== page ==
Sachsenhausen Concentration Camp memorial plaque for British and Commonwealth forces

All involved in Operation Checkmate were captured in uniform and should have been treated as prisoners of war. However, in 1942 Adolf Hitler had issued the Commando Order that stipulated that all captured commandos, no matter if they were in uniform or not, were to be executed shortly after interrogation.[8] While at Sachsenhausen concentration camp, the men from Operation Checkmate were forced into breaking in German Army boots by marching 30 miles (48 km) a day over cobblestones. Five of the team excluding Mayor and Roe were executed on 2 February 1945. Mayor and Roe were transferred to Belsen concentration camp, where Mayor was executed on 7 April 1945 and Roe died of Typhus.[1][9] Godwin was posthumously Mentioned in Despatches on 9 November 1945, "For great gallantry and inspiring example whilst a prisoner of war in German hands in Norway and afterwards at Sachsenhausen, near Oranienburg, Germany, 1942-1945." [10] He is commemorated on the Portsmouth Naval Memorial, one of the memorials for those of the naval service with no known grave.[11] Mayor was posthumously Mentioned on 22 April 1947, "for great fortitude and resolution while in the hands of the Germans, from the time of his capture in 1943 to the time of his death at Belsen in April 1945" and is commemorated on the Plymouth Naval Memorial.[12] Cox is commemorated on the Brookwood Memorial.[13] Roe is also commemorated on the Portsmouth Naval Memorial,[14] Hiscock on the Lowestoft Naval Memorial,[15] Burgess on the Chatham Naval Memorial,[16] and West also on the Plymouth Naval Memorial.[17] References[edit] Citations[edit]

^ a b c d e f CVA 2018. ^ Messenger 2004, p. 15. ^ Moreman 2006, p. 24. ^ Taylor 2013, p. 65. ^ a b Hampshire 1981, p. 20. ^ Admiral Westküste, KTB, 3 May 1943 ^ Report from Hafenkommandant Haugesund 16 May 1943 and interrogation of Sublt. Godwin 15 May 1943. ^ Chappell 1996, p. 48. ^ Liverpool 2008, p. 33. ^ "No. 37299". The London Gazette. 5 October 1945. p. 4954.  ^ "Casualty Details: Godwin, John". Commonwealth War Graves Commission.  ^ "Casualty Details: Mayor, Keith". Commonwealth War Graves Commission.  ^ "Casualty Details: Cox, Victor John". Commonwealth War Graves Commission.  ^ "Casualty Details: Roe, Alfred John". Commonwealth War Graves Commission.  ^ "Casualty Details: Hiscock, Harold". Commonwealth War Graves Commission.  ^ "Casualty Details: Burgess, Neville Arthur". Commonwealth War Graves Commission.  ^ "Casualty Details: West, Andrew Anthony". Commonwealth War Graves Commission.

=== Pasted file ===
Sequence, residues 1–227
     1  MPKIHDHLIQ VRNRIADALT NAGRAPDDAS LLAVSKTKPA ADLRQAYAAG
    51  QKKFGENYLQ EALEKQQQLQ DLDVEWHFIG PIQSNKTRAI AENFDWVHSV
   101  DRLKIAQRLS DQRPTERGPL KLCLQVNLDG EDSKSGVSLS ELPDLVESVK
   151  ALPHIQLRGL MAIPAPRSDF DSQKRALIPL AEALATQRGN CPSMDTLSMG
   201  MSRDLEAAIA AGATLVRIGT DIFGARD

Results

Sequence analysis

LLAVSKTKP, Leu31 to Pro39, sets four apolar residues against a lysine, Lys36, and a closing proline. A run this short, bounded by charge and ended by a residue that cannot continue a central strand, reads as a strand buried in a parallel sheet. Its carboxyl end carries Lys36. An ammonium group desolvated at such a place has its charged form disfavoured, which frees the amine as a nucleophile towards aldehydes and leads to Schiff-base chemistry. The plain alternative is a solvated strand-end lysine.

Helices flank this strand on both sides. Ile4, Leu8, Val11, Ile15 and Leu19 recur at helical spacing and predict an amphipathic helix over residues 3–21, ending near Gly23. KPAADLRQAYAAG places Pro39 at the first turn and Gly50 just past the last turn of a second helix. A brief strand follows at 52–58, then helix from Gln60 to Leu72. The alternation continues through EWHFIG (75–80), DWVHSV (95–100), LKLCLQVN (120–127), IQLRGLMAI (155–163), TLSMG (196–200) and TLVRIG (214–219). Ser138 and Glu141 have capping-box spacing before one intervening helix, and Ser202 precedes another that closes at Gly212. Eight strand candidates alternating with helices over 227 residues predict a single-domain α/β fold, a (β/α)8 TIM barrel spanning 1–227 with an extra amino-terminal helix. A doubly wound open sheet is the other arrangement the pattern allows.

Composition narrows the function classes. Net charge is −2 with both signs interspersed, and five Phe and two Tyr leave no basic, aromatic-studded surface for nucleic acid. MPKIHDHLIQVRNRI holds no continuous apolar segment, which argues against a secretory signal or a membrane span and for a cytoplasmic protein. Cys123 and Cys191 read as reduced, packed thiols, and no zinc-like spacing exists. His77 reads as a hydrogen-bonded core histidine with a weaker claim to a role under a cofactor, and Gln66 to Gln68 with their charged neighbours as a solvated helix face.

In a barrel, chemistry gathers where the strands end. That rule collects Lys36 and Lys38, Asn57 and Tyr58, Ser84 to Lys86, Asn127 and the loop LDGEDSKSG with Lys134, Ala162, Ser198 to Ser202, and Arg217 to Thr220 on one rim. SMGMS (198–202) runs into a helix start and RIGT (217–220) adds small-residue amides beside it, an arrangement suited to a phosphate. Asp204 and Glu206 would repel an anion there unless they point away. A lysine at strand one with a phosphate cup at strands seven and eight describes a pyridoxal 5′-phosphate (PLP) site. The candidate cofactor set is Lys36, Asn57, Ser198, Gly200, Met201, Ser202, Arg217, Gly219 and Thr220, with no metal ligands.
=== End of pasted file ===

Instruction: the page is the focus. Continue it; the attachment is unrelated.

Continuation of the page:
Chappell, Mike (1996). Army Commandos 1940–1945. Oxford: Osprey. ISBN 978-1-85532-579-1.  Hampshire, Arthur Cecil (1981). Undercover Sailors: Secret Operations of World War II. London: W. Kimber. ISBN 978-0-7183-0368-6.  Lord Russell of Liverpool (2008). The Scourge of the Swastika: A History of Nazi War Crimes During World War II. Skyhorse. ISBN 978-1-60239-281-6.  Messenger, Charles (2004). The D Day Atlas. London: Thames & Hudson. ISBN 978-0-500-25123-2.  Moreman, T. R. (2006). British Commandos 1940–46. Oxford: Osprey. ISBN 978-1-84176-986-8.  Taylor, P. (2013) [2000]. Allied Special forces Insignia 1939–1948 (Pen & Sword Military, Barnsley ed.). London: Leo Cooper. ISBN 978-1-78159-123-9. 


"Kopervik, Norway - Operation Checkmate". Commando Veterans Archive. 2018. Retrieved 21 May 2018. 

Further reading[edit]

Macksey, Kenneth (1987). Godwin's Saga. London: Brassey's. ISBN 978-0-08-034742-4. 

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British Commando raids of the Second World War

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British Commandos List of Commando raids on the A